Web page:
The controller is designed on a 2.5 by 3.75-inch PWB and can either be plugged directly into the Atlas backplane, or alternately mounted away from the backplane and connected to the Atlas by three signal wires and a ground. The controller can be powered from the Atlas backplane or alternatively, powered from an on-board 5-volt regulator. The power can then be supplied by a wall wart delivering anywhere between 8 and 20 volts ac or dc. There are five switches and six indicator lights that operate the controller. These switches can be mounted on the PWB or can be located off-board. Dual footprints are provided for either miniature screw terminals or headers. Motor voltage, being significantly higher than used by the board electronics, is connected separately. The board has two RJ-45 type jacks; one for an eight-wire CAT5 or CAT6 cable that is used to power the stepper motor; the second is for a four-wire telephone cord that brings the position pot signals to the board. A six-pin header connects to an in-circuit programmer to initially program the PIC. There are a number of spare inputs for experimentation and expansion. The controller takes digital signals corresponding to the SDR DDS frequency and positions the antenna tuning capacitor so that it resonates the antenna at, or very near, to this frequency. As the frequency of the SDR is changed over the range of the antenna, the antenna tuning motor/controller will keep the antenna at resonance. Since the antenna exhibits the same high Q performance while receiving as during transmitting, the antenna needs to be tuned for reception as well. Note that this controller will also be able to be adapted to many types of motor-driven local or remote antenna tuners to offer the same “always tuned” performance.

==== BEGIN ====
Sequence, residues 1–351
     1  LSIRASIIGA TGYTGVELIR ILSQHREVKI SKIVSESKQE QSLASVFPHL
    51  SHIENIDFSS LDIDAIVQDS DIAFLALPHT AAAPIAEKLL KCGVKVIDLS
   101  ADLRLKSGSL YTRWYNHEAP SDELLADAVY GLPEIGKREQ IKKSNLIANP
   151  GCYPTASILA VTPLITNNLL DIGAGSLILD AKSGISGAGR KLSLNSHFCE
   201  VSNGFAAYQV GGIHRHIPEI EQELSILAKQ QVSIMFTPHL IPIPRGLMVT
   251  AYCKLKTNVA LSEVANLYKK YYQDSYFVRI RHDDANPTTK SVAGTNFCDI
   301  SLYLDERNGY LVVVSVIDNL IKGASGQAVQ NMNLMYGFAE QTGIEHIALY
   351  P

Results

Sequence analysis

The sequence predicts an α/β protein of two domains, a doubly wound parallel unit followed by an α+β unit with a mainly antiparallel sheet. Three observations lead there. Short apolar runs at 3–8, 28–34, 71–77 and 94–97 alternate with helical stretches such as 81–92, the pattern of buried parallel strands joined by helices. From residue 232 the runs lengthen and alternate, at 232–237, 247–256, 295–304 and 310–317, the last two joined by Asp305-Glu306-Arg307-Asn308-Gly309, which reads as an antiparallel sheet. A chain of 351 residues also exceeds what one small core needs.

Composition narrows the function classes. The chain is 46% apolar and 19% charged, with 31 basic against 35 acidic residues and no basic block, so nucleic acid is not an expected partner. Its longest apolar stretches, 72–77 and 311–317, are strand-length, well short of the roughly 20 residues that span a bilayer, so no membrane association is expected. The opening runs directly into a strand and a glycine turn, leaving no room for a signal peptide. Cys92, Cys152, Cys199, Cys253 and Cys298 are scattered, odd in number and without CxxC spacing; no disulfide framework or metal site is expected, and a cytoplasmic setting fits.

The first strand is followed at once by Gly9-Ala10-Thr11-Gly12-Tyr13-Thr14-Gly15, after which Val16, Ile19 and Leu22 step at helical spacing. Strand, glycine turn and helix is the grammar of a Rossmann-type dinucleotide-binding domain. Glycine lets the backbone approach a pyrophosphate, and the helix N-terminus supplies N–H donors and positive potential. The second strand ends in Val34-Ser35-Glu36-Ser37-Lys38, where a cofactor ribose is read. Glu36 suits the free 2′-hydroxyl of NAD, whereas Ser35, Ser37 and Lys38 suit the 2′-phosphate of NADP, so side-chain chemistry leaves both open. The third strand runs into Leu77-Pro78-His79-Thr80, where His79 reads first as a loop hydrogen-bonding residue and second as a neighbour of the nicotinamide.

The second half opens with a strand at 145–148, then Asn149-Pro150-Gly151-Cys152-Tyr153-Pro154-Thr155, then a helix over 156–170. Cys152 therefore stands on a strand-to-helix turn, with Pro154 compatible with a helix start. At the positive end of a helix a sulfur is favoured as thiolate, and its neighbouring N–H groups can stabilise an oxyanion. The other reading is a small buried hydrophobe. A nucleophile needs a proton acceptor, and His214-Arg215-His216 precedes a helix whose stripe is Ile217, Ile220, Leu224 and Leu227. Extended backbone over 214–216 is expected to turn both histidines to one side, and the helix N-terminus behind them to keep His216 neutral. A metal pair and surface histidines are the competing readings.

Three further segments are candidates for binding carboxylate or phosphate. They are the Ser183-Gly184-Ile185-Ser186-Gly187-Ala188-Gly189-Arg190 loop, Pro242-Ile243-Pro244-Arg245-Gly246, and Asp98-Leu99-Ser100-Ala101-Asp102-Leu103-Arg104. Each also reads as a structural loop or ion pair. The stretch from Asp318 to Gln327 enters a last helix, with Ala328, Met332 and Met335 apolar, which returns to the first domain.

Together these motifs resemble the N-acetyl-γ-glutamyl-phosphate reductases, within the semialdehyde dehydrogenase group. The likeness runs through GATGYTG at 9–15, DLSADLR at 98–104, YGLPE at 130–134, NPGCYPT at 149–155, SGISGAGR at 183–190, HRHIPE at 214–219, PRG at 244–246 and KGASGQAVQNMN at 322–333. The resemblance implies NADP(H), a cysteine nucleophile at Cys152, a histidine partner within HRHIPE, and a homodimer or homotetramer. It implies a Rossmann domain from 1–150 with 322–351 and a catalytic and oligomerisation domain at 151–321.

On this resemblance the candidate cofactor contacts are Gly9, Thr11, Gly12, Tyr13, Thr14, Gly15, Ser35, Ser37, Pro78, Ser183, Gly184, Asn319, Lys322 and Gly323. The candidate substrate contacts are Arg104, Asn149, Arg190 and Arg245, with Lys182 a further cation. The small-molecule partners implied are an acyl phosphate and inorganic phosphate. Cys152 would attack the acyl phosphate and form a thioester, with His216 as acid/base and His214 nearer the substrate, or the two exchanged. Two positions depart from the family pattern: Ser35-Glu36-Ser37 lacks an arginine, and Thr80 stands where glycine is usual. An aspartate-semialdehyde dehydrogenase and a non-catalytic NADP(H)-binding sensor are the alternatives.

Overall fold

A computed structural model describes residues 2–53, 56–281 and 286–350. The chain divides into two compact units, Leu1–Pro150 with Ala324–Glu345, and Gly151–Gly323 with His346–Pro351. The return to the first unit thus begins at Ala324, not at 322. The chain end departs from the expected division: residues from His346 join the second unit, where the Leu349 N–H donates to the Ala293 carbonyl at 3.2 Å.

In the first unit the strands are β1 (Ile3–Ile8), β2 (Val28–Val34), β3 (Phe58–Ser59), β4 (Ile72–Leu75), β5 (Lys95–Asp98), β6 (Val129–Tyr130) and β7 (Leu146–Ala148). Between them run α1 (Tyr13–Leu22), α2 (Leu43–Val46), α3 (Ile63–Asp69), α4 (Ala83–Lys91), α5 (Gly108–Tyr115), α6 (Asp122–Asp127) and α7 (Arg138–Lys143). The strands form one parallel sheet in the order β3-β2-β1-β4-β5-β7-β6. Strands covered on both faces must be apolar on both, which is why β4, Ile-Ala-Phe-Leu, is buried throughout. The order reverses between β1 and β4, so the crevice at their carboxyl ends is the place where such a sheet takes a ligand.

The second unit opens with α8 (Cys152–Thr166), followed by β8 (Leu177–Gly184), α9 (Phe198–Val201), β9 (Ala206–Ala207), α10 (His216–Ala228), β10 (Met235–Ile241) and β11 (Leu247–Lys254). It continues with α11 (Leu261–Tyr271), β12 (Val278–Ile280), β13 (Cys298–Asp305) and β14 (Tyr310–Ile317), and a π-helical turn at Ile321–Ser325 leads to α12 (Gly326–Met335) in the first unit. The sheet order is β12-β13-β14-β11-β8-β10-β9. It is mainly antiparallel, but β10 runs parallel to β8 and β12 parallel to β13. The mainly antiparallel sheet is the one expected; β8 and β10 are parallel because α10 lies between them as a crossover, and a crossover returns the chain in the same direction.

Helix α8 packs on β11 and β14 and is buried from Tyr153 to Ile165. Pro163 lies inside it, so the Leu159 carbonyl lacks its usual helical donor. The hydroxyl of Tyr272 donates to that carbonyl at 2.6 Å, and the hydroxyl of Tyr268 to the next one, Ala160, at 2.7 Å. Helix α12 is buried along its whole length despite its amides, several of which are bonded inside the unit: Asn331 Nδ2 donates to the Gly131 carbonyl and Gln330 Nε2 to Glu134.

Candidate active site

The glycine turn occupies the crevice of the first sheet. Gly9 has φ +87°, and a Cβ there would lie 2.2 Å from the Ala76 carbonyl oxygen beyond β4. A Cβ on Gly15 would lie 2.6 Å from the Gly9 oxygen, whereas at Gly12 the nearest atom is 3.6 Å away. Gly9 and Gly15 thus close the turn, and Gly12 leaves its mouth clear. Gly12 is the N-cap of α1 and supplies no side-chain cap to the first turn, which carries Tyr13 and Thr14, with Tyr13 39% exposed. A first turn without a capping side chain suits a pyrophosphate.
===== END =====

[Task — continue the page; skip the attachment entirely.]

The heart of the controller is a PIC 18F4321 processor, which are normally available from Mouser and other suppliers for about $5.00 ea. Microchip has an extensive website and tons of free software as well as a free IDE. The 18F4321 is used since it has internal communication ports, A/D converters, and PWM motor controllers. If using the PWB developed for this project, you will need a programmer capable of programming the 18F4321 through the in-circuit port, and use the free IDE from Microchip. These programmers are available on Ebay starting at around $30.
On the Atlas backplane, there is a bit stream in I2S format that contains, among other things, 32-bit binary-format frequency information. This frequency information is decoded to derive an index into a lookup table implemented in the PIC. The output of the lookup table is the number of steps (from an index) that the motor must turn to arrive at the resonant point of the antenna corresponding to the input frequency.
A routine is provided to calibrate the controller for each tuning point of the antenna. To calibrate a particular frequency, the transmitter is set to “TUNE” at a particular frequency and a forward or reverse button on the controller is pressed to tune the antenna for lowest SWR. Once reached, the calibrate button is pressed to record the position in the lookup table. For positions outside the band, an antenna analyzer can read the swr or the controller can be calibrated from maximum received signal strength.